The alternative to yogurt

January 5, 2014
Credit: Asociacion RUVID

Researchers at the Universitat Politècnica de València have obtained new products fermented with probiotic bacteria from grains and nuts - what is known as plant-based or vegetable "milks" - which are an alternative to conventional yogurts. The products are specially designed for people with allergies to cow's milk, lactose or gluten intolerance, as well as children and pregnant women.

From the laboratories at the Institute of Food Engineering for Development, the team has worked with almonds, oats and hazelnuts and soon will evaluate the use of walnuts and chestnuts as raw material for these new products. The Institute of Agrochemistry and Food Technology (IATA -CSIC) and the University College of Dublin (Ireland) have also taken part in the study.

The in vitro studies conducted show how some of the products developed have anti-inflammatory properties in intestine cells, which could alleviate allergic reactions caused by food, and increase the bioavailability of iron. The caseins of cow's milk as well as being on the list of allergens components hinder the absorption of iron.

"The results we have obtained also show that the 'milks' studied are a good matrix for the growth and viability of for the lifetime of the product, especially after their intake," says Chelo González, a researcher at the Universitat Politècnica de València.

Furthermore, the research conducted offers new clues to improve commercial plant-based "milks" available in the market today, which have deficiencies related to low physical stability during storage.

"Overall, the project results contribute to increase knowledge about the nutritional and health properties of vegetable milks, in view of future industrial applications to develop innovative quality products suitable both for the general public and for specific groups," says Chelo González.

About plant "milks"

The "milk" made from nuts and grains represent an alternative to animal milks and soy milk. They also have components of great nutritional value that can provide numerous health benefits for both consumer groups with specific problems (, allergic to cow's milk, vegetarian...) as for the general population.

These plant "milks" are characterized by a profile of healthy fatty acids and carbohydrates with low glycaemic index (suitable for diabetics). Moreover, they constitute an important source of vitamins B and E, antioxidant compounds (phytosterols and/or polyphenols) and dietary fibre, which helps to improve intestinal health.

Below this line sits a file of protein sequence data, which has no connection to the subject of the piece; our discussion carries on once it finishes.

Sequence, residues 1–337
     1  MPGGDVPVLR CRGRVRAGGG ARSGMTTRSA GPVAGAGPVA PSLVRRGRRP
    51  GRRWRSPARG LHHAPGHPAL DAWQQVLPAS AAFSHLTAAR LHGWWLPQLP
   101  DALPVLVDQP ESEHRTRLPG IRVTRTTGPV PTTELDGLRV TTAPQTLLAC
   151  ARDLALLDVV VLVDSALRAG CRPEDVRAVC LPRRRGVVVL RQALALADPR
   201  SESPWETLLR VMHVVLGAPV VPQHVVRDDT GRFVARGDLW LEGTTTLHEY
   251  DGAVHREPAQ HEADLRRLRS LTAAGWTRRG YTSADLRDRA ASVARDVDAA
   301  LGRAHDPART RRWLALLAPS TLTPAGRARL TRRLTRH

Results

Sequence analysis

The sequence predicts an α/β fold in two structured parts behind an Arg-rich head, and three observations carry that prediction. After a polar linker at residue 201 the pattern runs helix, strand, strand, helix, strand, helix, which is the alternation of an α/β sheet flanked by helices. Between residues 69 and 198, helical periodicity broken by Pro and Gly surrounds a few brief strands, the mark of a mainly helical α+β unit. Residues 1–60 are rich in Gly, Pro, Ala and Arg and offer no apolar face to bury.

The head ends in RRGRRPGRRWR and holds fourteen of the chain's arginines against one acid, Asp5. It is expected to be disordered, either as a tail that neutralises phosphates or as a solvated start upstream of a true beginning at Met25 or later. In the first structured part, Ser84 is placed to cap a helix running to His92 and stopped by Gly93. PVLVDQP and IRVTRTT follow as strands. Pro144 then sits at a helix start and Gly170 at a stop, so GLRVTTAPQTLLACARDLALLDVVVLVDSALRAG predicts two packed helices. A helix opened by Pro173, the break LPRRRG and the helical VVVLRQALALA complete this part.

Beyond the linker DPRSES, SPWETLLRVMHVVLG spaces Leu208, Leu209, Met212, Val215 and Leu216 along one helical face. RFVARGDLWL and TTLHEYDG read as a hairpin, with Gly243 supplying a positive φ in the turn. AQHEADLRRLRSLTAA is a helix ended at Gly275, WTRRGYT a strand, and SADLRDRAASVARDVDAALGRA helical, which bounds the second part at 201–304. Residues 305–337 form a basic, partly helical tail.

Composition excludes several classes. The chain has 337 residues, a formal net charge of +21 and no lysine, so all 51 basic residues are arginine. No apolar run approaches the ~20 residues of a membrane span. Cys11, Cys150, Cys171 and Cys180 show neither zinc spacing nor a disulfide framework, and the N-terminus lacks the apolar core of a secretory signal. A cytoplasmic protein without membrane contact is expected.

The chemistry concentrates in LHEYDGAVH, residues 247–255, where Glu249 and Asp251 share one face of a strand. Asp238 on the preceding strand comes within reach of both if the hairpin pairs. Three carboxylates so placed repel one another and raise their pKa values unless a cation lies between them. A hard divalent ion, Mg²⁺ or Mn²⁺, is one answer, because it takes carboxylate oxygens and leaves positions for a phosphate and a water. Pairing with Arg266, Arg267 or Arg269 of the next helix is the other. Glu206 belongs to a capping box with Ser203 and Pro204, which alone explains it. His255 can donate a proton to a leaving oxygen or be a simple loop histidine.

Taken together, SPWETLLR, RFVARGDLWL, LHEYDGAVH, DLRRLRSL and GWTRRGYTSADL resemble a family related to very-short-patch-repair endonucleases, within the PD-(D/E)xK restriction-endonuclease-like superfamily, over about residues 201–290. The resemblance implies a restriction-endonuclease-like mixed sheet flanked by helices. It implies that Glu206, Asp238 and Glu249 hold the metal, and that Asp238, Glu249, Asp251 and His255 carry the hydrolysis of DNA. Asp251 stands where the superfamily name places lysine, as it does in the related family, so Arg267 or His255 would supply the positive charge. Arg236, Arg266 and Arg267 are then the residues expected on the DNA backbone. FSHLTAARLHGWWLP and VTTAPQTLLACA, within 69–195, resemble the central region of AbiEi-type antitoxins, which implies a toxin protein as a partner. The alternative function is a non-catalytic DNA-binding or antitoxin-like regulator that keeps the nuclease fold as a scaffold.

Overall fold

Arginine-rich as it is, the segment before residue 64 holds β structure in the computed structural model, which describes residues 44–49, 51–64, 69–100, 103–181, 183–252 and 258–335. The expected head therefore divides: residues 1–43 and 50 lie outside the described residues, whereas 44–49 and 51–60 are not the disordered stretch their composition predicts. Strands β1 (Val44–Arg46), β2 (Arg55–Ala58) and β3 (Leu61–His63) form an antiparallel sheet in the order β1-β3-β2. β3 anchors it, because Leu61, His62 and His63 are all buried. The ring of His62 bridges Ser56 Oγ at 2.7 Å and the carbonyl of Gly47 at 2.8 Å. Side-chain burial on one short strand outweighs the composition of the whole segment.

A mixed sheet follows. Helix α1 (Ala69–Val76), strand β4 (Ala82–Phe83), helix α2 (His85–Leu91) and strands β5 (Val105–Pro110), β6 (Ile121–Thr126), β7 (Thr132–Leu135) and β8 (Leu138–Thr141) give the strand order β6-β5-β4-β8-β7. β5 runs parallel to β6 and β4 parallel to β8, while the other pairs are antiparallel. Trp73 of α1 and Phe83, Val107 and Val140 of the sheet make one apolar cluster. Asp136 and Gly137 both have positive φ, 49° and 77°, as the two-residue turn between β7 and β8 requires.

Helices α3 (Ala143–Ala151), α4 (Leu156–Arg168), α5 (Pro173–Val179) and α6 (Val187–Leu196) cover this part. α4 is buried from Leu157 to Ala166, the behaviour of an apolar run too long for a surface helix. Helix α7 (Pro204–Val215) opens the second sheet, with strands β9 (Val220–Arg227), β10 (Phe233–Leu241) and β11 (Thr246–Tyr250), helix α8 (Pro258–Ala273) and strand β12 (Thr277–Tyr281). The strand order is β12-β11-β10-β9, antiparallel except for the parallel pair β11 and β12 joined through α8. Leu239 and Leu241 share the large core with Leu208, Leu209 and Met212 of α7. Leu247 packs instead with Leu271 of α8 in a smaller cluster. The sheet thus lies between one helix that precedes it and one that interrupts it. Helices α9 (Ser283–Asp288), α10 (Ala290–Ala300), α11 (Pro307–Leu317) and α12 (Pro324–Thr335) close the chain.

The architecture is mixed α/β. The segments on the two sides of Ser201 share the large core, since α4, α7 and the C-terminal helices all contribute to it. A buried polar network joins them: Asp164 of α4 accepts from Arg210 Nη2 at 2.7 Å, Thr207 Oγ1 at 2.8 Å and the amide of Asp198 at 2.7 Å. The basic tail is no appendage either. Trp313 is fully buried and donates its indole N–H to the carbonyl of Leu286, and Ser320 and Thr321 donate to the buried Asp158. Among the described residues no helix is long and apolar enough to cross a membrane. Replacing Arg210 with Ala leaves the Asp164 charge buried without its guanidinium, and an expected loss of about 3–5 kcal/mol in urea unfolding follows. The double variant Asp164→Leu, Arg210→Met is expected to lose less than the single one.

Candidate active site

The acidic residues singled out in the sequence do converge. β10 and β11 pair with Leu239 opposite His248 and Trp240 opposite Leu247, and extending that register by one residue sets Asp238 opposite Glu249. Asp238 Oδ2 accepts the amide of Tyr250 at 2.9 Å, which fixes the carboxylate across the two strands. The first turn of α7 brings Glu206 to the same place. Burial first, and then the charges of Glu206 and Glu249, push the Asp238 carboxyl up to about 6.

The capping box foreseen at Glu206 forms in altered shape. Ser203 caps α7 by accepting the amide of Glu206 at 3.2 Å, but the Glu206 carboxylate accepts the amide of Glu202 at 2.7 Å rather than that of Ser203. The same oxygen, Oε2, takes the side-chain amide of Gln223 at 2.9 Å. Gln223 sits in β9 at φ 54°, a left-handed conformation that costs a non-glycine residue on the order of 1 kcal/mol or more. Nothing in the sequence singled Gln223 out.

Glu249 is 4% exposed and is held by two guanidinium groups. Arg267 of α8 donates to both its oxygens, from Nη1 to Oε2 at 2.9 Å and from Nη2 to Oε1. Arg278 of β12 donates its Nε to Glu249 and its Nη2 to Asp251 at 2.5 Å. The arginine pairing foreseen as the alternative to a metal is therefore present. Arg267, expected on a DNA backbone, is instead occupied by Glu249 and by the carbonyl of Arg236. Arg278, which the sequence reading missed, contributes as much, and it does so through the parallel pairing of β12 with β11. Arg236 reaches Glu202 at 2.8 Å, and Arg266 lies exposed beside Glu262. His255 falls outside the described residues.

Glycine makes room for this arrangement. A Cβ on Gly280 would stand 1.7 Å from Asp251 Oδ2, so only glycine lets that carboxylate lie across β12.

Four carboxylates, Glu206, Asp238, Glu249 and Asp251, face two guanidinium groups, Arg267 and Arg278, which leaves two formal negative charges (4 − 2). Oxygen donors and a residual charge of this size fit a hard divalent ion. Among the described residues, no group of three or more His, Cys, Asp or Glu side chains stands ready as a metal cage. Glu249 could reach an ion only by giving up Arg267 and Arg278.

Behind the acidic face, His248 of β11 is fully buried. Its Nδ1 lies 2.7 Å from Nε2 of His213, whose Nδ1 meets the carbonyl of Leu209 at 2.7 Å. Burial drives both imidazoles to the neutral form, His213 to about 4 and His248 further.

They are also rich in potassium and very low in sodium, so these drinks help maintain a healthy balance of electrolytes.

The "milks" derived from are especially recommended for because of its richness in folic acid and its good calcium/phosphorus ratio. "This last property, together with the absence of lactose, milk protein and gluten, are what make these drinks good substitutes for cow's milk," concludes Chelo González.

Explore further: A new formula for spray-drying milk

Related Stories

A new formula for spray-drying milk

October 22, 2013

Spray-drying methods for milk based products such as baby formula or other powdered milks could be improved according to chemical engineers at the University of Sydney who have analysed current processes.

Recommended for you

Researchers design first artificial ribosome

July 29, 2015

Researchers at the University of Illinois at Chicago and Northwestern University have engineered a tethered ribosome that works nearly as well as the authentic cellular component, or organelle, that produces all the proteins ...

Studies reveal details of error correction in cell division

July 29, 2015

Cell biologists led by Thomas Maresca at the University of Massachusetts Amherst, with collaborators elsewhere, report an advance in understanding the workings of an error correction mechanism that helps cells detect and ...

Researchers discover new type of mycovirus

July 29, 2015

Researchers, led by Dr Robert Coutts, Leverhulme Research Fellow from the School of Life and Medical Sciences at the University of Hertfordshire, and Dr Ioly Kotta-Loizou, Research Associate at Imperial College, have discovered ...

Stressed out plants send animal-like signals

July 29, 2015

University of Adelaide research has shown for the first time that, despite not having a nervous system, plants use signals normally associated with animals when they encounter stress.

0 comments

Please sign in to add a comment. Registration is free, and takes less than a minute. Read more

Click here to reset your password.
Sign in to get notified via email when new comments are made.